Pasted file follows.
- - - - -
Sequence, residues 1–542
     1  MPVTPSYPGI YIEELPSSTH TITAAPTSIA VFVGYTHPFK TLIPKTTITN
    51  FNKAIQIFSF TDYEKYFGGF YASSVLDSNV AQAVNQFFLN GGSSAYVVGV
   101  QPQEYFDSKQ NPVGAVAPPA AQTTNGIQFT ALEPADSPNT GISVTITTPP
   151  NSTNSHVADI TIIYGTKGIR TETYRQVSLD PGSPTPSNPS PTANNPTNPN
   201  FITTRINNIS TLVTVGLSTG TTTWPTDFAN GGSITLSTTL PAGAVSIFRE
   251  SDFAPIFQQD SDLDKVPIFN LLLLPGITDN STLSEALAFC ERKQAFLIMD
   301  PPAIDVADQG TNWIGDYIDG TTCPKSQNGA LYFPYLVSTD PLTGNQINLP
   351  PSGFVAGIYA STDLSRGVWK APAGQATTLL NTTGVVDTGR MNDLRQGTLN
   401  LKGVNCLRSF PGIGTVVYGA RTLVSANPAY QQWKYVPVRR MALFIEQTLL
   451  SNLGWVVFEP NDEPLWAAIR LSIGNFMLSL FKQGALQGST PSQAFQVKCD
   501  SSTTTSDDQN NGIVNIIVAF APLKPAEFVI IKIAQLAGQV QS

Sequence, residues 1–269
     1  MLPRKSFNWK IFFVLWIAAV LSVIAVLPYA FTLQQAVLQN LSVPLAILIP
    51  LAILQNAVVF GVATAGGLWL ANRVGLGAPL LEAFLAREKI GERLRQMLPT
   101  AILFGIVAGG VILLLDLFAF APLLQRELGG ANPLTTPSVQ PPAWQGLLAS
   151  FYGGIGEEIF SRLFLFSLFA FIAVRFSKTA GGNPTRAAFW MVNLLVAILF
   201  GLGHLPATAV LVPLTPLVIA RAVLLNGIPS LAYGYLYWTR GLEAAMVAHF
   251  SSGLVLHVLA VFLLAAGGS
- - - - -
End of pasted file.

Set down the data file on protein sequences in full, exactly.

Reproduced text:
Sequence, residues 1–542
     1  MPVTPSYPGI YIEELPSSTH TITAAPTSIA VFVGYTHPFK TLIPKTTITN
    51  FNKAIQIFSF TDYEKYFGGF YASSVLDSNV AQAVNQFFLN GGSSAYVVGV
   101  QPQEYFDSKQ NPVGAVAPPA AQTTNGIQFT ALEPADSPNT GISVTITTPP
   151  NSTNSHVADI TIIYGTKGIR TETYRQVSLD PGSPTPSNPS PTANNPTNPN
   201  FITTRINNIS TLVTVGLSTG TTTWPTDFAN GGSITLSTTL PAGAVSIFRE
   251  SDFAPIFQQD SDLDKVPIFN LLLLPGITDN STLSEALAFC ERKQAFLIMD
   301  PPAIDVADQG TNWIGDYIDG TTCPKSQNGA LYFPYLVSTD PLTGNQINLP
   351  PSGFVAGIYA STDLSRGVWK APAGQATTLL NTTGVVDTGR MNDLRQGTLN
   401  LKGVNCLRSF PGIGTVVYGA RTLVSANPAY QQWKYVPVRR MALFIEQTLL
   451  SNLGWVVFEP NDEPLWAAIR LSIGNFMLSL FKQGALQGST PSQAFQVKCD
   501  SSTTTSDDQN NGIVNIIVAF APLKPAEFVI IKIAQLAGQV QS

Sequence, residues 1–269
     1  MLPRKSFNWK IFFVLWIAAV LSVIAVLPYA FTLQQAVLQN LSVPLAILIP
    51  LAILQNAVVF GVATAGGLWL ANRVGLGAPL LEAFLAREKI GERLRQMLPT
   101  AILFGIVAGG VILLLDLFAF APLLQRELGG ANPLTTPSVQ PPAWQGLLAS
   151  FYGGIGEEIF SRLFLFSLFA FIAVRFSKTA GGNPTRAAFW MVNLLVAILF
   201  GLGHLPATAV LVPLTPLVIA RAVLLNGIPS LAYGYLYWTR GLEAAMVAHF
   251  SSGLVLHVLA VFLLAAGGS